The doctrine of the Trinity is not in the same league as doctrine of the bodily assumption of Mary. The proof from Scripture of the Trinity is super stronger than that of the bodily assumption of Mary.

I find sometimes we are repeating same old mantra of our positions and it looks like we will never agree because we will never agree on the real starting point - the source for faith and practice - Scripture or Magisterium?

L P Cruz said...

PS.

By the way I add, yes the HS protects us and he uses Scripture to protect us . I do not deny the bishops and pastors have authority but their authority is limited by Scripture and in fact not different from mine when it comes to vocation in life.

I am happy to follow a church leader whose doctrine and life matches those in Scripture. I will be happy to reject him if he teaches something not found and I could not see from there. He too needs correcting, St. Paul said that. They can be ejected and rebuked too and call to repentance.

Venerable Aussie said...

"I do not deny the bishops and pastors have authority but their authority is limited by Scripture..."

Really? Just as a thought experiment, how do you suppose this principle worked with, say, (Bishop) Ignatius of Antioch? (and indeed with all the Bishops of the early Church?

L P Cruz said...

Venerable,

I can say something about Agustine...

This is what Augustine said about Cyprian taken from weedon.blogspot.com

I am not bound by the authority of this epistle[letter of Cyprian] for I do not hold the writings of Cyprian as canonical, but I consider them according to the canonical, and I accept whatever in them agrees with the authority of the divine Scriptures with his approval, but what does not agree I reject with his permission." (Contra Cresconium, Book 2, Chapter 32, cited in Examen I, p. 174)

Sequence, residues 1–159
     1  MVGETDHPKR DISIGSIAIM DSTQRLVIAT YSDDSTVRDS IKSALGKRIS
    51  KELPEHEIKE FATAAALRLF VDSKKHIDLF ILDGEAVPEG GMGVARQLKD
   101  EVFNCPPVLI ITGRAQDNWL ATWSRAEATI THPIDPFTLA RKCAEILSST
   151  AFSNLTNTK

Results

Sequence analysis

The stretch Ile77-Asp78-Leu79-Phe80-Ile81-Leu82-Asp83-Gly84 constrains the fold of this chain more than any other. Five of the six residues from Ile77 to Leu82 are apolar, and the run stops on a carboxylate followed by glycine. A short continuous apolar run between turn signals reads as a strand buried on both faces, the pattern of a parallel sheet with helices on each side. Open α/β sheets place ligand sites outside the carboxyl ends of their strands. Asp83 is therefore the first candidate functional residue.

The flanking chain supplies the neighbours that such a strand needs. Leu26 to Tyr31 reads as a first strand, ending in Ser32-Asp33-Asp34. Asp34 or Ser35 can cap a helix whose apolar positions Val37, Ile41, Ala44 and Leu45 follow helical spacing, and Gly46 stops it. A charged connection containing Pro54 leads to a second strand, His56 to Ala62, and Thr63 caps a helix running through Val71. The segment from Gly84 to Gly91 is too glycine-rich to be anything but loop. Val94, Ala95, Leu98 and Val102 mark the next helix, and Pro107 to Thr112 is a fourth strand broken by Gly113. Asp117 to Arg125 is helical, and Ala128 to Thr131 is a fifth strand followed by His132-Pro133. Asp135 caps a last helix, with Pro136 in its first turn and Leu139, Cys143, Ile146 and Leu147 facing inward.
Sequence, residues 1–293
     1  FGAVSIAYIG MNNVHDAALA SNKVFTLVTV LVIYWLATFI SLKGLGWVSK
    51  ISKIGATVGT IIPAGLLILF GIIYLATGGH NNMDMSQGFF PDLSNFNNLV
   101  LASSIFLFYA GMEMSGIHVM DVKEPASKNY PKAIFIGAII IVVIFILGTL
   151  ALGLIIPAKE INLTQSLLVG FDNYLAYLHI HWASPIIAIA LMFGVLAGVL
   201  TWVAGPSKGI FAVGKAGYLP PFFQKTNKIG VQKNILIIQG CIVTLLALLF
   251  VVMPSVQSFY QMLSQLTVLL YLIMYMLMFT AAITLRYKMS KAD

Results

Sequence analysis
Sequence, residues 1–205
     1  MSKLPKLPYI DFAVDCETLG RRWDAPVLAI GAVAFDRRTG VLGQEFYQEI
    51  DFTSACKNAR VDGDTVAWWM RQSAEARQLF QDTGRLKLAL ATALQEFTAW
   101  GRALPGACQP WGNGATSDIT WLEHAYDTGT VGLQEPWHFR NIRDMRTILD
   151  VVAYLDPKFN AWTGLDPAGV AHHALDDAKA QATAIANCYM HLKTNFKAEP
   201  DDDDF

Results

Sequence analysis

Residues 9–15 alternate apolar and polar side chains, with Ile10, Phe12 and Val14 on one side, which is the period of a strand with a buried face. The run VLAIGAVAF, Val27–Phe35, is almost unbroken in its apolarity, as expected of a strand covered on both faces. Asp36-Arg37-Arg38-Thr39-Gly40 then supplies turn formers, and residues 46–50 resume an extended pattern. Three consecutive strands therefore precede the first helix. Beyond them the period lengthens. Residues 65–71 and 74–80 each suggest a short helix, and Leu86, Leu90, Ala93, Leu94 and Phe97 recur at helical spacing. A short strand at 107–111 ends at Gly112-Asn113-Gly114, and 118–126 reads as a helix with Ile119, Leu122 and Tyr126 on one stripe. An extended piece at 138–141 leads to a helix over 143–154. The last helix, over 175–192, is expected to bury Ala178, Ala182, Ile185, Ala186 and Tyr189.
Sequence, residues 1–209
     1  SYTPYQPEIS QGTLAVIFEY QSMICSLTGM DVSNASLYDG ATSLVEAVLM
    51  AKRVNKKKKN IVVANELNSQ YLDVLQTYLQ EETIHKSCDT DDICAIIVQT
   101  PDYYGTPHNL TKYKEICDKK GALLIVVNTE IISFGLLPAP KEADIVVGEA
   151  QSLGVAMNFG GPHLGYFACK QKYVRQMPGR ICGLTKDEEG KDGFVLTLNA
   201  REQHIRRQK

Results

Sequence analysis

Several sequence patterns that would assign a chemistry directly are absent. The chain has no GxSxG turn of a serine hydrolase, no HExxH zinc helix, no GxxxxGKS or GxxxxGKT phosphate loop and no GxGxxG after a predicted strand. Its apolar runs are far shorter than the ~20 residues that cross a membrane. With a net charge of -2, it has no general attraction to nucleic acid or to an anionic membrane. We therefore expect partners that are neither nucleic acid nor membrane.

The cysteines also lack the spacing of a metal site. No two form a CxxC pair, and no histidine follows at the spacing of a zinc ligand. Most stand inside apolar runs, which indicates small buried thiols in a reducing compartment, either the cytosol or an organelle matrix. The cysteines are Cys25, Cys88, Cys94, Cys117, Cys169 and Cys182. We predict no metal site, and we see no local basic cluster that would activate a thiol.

If a Bishop promotes a teaching or a command not sanctioned by Scripture then he has violated Scripture and is therefore not to be obeyed. He is not free to introduce teaching that contradicts Scripture. The Scripture (we believe) is above us, but we are not above Scripture.

Venerable, it just blasphemous to say that a Bishop may be above Scripture, even RCC magisterium tries to support their doctrine from Scripture whenever convenient, then resort to unrecorded Tradition (which did not get to the Canon) when the first one fails.

Case in point - bodily assumption of Mary.

From our perspective, this will be considere - speculation.

Lito

Venerable Aussie said...

Lito,

I'll restate my challenge:

Your comment: "I do not deny the bishops and pastors have authority but their authority is limited by Scripture..."

My comment: "Really? Just as a thought experiment, how do you suppose this principle worked with, say, (Bishop) Ignatius of Antioch? (and indeed with all the Bishops of the early Church?"

I would like your understanding of the meaning of "authority limited by scriptures" as it applied for the first centuries when there was no "Bible".

L P Cruz said...

Venerable,

What I mean is that the authority of a Bishop is limited by Scripture even 1 Peter 5: said this...
1So I exhort the elders among you, as a fellow elder and a witness of the sufferings of Christ, as well as a partaker in the glory that is going to be revealed: 2shepherd the flock of God that is among you, exercising oversight,[a] not under compulsion, but willingly, as God would have you;[b] not for shameful gain, but eagerly; 3not domineering over those in your charge, but being examples to the flock. 4And when the chief Shepherd appears, you will receive the unfading crown of glory. 5Likewise, you who are younger, be subject to the elders. Clothe yourselves, all of you, with humility toward one another, for "God opposes the proud but gives grace to the humble."

The Bishop is not allowed to teach a doctrine/instructions contrary to Scripture. He is subject to Scripture, his authority which is not limitless . It is an abuse of authority to go beyond what Scripture teaches. An example is the Bodily Assumption of Mary.

As can be seen Augustine will only accept teaching that comes from Scripture,his attitude to a fellow elder - Cyprian was that - he subjected the teaching/instructions from Scripture.

That should be our attitude to those who are above us, so long as they plainly come from Scripture we can follow them but when they start teaching false doctrine, we should excommunicate them, no one is above the Word of God.

L P Cruz said...

Venerable,

I mean to add, your premise that there was no Bible in the first century is not correct, there was already the OT. There were the Apostles who prove their teaching about the Messiah from the OT.

As I said the Bereans were like that - they did not take simply the authority of Paul to teach, but they compared his teaching from Scripture. Peter in Act 2, appealed to Joel an OT minor Prophet for his teaching about Jesus.